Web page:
Mexican Border State Cops Executed U.S. Tourists and Covered It Up

by Cartel Chronicles

SALTILLO, Coahuila — Authorities in this border state set their sights on a group of police officers believed to have executed two U.S. tourists and then covered up the crime by claiming the victims were armed drug smugglers.

Initially, members of a metropolitan special response unit known as “GROM” claimed that two men riding in a maroon pickup ran a checkpoint along the highway that connects this state with Zacatecas. As Breitbart Texas initially reported, Coahuila state authorities falsely claimed that the two men ran a checkpoint and then opened fire on police officers, who chased them. In response, police officers opened fire and killed the two alleged gunmen. The two men have since been identified as U.S. tourists. According to Mexico’s Reforma, the victims were identified as Demetrius Atkins and Edgar Valdez Rodriguez, a Mexican national but legal resident in Missouri.

State officials revealed to Breitbart Texas that the theory presented by the cops has not held up to scrutiny and obtained arrest warrants against three members of the GROM. Two of those officers, Ivan Vladimir “El Hermano” Monsivais Martinez and Felix Enrique “La Piraña” Moreno Vasquez were arrested and are named in the ongoing investigation. The two cops remain in custody at a state prison facility in Coahuila.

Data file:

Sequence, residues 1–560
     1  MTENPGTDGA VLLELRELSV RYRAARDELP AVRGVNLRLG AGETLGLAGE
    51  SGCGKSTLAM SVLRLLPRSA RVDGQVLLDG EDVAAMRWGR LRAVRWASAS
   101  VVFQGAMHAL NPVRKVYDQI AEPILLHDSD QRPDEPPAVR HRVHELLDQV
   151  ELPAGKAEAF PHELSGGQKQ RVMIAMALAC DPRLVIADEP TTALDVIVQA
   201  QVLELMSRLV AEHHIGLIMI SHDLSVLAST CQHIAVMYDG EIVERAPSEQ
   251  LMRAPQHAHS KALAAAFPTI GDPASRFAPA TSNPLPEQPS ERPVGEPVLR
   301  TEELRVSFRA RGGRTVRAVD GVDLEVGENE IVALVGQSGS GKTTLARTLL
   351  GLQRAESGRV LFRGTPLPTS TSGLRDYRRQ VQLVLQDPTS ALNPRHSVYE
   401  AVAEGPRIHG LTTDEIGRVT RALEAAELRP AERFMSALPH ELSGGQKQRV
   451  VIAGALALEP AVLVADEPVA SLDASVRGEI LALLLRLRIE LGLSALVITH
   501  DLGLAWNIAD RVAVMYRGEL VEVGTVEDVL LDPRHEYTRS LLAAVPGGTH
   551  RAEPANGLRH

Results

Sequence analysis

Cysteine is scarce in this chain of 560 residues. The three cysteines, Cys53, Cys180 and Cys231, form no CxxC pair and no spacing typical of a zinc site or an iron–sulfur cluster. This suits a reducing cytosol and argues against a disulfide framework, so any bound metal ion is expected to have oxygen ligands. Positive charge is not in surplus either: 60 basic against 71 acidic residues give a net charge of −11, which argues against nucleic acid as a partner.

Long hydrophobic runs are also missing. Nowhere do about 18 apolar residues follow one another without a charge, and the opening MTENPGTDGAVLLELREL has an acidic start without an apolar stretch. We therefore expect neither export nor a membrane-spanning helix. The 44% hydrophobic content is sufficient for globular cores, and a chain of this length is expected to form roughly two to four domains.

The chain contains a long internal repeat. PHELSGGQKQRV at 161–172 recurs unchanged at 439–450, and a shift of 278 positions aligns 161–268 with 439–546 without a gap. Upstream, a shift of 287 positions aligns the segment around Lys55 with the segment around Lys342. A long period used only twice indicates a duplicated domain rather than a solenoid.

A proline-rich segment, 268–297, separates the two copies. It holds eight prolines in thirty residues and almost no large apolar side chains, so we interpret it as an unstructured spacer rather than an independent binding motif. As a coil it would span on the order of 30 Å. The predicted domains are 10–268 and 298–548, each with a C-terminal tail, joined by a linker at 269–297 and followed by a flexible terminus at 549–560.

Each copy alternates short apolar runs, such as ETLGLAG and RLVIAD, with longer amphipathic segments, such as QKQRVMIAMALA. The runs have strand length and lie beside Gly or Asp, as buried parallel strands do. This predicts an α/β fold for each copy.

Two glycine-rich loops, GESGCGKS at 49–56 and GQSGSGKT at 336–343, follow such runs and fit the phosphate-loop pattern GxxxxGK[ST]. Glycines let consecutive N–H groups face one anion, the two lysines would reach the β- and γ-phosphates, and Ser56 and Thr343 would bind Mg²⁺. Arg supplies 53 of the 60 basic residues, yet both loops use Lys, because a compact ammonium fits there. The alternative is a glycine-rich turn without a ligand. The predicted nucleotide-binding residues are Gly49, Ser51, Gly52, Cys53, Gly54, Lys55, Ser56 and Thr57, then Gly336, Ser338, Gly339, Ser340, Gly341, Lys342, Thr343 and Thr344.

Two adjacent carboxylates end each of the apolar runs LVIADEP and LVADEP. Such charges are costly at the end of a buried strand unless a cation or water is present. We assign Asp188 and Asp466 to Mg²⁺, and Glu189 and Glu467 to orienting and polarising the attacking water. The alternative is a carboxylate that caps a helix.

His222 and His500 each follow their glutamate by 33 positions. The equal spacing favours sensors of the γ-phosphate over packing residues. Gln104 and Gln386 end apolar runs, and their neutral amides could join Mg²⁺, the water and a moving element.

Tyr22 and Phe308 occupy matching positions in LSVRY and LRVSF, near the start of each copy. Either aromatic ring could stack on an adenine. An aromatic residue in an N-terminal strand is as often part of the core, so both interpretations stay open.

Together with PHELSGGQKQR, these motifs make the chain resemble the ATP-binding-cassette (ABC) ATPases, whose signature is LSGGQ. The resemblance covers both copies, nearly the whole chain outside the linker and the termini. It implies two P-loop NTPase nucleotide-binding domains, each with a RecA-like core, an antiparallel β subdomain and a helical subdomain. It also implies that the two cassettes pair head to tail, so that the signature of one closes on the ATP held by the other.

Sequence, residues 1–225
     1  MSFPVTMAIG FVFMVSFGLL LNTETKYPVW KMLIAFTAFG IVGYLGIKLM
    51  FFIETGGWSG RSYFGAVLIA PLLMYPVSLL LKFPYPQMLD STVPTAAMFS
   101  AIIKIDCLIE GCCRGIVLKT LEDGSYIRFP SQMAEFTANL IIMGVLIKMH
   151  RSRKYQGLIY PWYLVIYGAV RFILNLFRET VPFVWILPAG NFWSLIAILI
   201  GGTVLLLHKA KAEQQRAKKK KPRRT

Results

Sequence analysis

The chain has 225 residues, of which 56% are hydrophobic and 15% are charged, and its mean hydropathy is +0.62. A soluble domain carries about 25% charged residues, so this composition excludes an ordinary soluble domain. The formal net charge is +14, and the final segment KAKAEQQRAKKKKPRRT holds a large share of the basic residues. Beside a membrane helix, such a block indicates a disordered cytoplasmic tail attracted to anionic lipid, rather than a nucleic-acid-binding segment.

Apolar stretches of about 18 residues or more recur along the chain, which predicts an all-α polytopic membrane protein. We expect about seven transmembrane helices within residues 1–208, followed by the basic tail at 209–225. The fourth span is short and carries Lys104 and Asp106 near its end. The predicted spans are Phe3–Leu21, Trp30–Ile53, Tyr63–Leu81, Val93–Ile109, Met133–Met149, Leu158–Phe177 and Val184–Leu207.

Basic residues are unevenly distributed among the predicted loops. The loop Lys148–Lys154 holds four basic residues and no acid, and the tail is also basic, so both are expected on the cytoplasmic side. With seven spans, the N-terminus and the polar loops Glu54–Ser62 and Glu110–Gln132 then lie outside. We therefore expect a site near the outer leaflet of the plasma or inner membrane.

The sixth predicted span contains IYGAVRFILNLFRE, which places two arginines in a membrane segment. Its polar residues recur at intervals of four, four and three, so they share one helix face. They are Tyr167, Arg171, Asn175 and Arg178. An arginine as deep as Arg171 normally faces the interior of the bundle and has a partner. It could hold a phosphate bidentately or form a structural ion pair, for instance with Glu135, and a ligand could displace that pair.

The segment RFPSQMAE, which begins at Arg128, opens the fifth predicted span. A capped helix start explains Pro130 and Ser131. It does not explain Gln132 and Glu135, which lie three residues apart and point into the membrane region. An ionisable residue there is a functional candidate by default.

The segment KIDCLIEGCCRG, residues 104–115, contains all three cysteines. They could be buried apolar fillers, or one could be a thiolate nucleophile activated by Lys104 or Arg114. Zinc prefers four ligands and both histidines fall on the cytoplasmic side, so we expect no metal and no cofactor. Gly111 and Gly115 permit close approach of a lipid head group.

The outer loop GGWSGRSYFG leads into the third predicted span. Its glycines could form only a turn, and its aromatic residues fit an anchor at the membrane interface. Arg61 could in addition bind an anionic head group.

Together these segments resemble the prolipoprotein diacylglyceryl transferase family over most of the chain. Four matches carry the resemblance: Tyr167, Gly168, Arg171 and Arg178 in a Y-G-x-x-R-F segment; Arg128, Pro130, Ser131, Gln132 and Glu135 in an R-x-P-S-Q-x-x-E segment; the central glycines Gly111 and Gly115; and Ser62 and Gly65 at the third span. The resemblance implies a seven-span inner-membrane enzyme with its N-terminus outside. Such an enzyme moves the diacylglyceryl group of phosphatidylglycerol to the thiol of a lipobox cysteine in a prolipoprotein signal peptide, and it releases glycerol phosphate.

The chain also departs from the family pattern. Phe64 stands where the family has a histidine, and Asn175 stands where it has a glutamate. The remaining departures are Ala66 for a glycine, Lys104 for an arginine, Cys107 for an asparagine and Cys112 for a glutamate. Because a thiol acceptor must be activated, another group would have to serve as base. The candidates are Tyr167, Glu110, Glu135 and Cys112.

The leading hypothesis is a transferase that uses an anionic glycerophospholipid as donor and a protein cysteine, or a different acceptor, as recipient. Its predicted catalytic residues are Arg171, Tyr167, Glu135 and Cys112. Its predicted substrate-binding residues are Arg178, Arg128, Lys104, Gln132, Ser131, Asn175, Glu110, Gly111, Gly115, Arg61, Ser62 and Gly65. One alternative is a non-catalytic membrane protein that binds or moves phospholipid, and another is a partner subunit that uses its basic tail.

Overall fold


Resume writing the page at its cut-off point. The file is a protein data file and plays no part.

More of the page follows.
According to Coahuila law enforcement officials, the tourists were not armed and did not elude the checkpoint. While authorities now believe the rogue police officers executed them in cold blood, a motive remains unclear.

 

Cartel Chronicles:

EXCLUSIVO — GRAFICO: Cártel Mexicano Desmembra y Asa a Víctimas Inocentes

MORELIA, Michoacán – Uno de los cárteles mexicanos que lucha por el control de este estado ha escalado en los horrores de sus actividades terroristas a un nuevo nivel de depravación al no solo desmembrar a las víctimas inocentes sino también al asar las partes del cuerpo. Los horrores son parte de lo que se ha convertido en algo cotidiano en este estado, mientras que las autoridades del gobierno continúan minimizando la violencia y aseguran que la región es segura.

VIDEO: Sicario Dispara a Camión en Carretera Fronteriza

REYNOSA, Tamaulipas — Sicarios del Cartel Del Golfo en esta ciudad fronteriza han comenzado a dispararle a los vehículos que transitan por las carreteras de esta ciudad como una táctica de robo. Los vehículos que han sido robados en esta ciudad a punta de pistola han sido utilizados para narco-bloqueos durante los enfrentamientos que siguen azotando esta ciudad.

Narco-Terror: Cartel Planeaba Usar Dron Con Explosivos

Sicarios mexicanos pertenecientes a un cartel planeaban utilizar un dron como una arma de terrorismo al pegar una carga explosiva al popular aparato electronico volador. La nueva tactica se lleva acabo en una zona que ah visto un repunte de narco-violencia.